The effect of sustained VDU and Non-VDU nearwork on visual acuity and refractive error in emmetropic primary schoolchildren

  • Teoh Swee Chai School of Optometry, National Institute of Ophthalmic Sciences (academic arm of the Tun Hussein Onn National Eye Hospital), NIO Office, 1st Floor NIO Building, Lot2, Lorong Utara B, 46200 Petaling Jaya, Selangor, Malaysia.
  • Chen Ai-Hong Department of Optometry, Faculty of Health Sciences, Universiti Teknologi MARA
  • Norhani Mohidin Department of Optometry, Faculty of Allied Health Sciences, National University of Malaysia
Keywords: visual acuity, refractive error, visual display unit, myopia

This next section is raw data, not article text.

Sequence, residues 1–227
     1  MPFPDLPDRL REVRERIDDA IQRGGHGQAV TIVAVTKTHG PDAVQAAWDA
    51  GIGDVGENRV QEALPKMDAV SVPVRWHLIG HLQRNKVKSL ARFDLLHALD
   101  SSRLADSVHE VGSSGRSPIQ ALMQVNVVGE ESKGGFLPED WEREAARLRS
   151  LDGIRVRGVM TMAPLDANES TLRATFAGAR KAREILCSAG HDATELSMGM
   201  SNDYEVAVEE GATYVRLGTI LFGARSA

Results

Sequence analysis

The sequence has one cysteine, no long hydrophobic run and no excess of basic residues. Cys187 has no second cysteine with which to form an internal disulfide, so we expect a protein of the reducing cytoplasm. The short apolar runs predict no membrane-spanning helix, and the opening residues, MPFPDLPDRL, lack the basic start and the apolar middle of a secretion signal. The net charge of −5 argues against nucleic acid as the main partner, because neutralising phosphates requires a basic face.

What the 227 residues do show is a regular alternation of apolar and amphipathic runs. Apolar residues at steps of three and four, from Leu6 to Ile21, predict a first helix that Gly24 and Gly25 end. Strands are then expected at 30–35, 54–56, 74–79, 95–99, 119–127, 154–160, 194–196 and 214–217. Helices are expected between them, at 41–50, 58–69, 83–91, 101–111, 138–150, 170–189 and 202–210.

Myopic shift in refraction following a sustained period of near-work is well documented among adult visual display unit (VDU) users. This crossover study investigates the effect of VDU near-work on visual acuity and refractive status among 7-year-old children. Thirty emmetropic and low-hyperopic schoolchildren (refractive error: -0.25DS to +1.25DS, astigmatism ≤ 1.00DC and anisometropia ≤ 1.00D) participated in this study. All subjects (15 males and 15 females) were involved in two 2-hour near-work sessions (at 40 cm), one with and one without a VDU, which were carried out in random sequence on two separate days. Distance visual acuity (monocular/binocular) and subjective refractive error were measured before and immediately after both near-work sessions. MANCOVA analysis showed that VDU work produced a significant myopic shift, -0.10 ± 0.18 D (F1,54 = 5.17, p = 0.03) in distance refractive status. This myopic shift was not found after non-VDU work. There was no significant change in monocular (F1,54 = 0.03, p = 0.86) and binocular visual acuity (F1,54 = 0.22, p = 0.64) after near-work with or without VDU. Emmetropic and low-hyperopic schoolchildren are susceptible to VDU near-work after-effect. Sustained VDU near-work causes significant myopic shift in emmetropic and low-hyperopic 7-year-old children. However, the myopic shift is not accompanied by a reduction in visual acuity.


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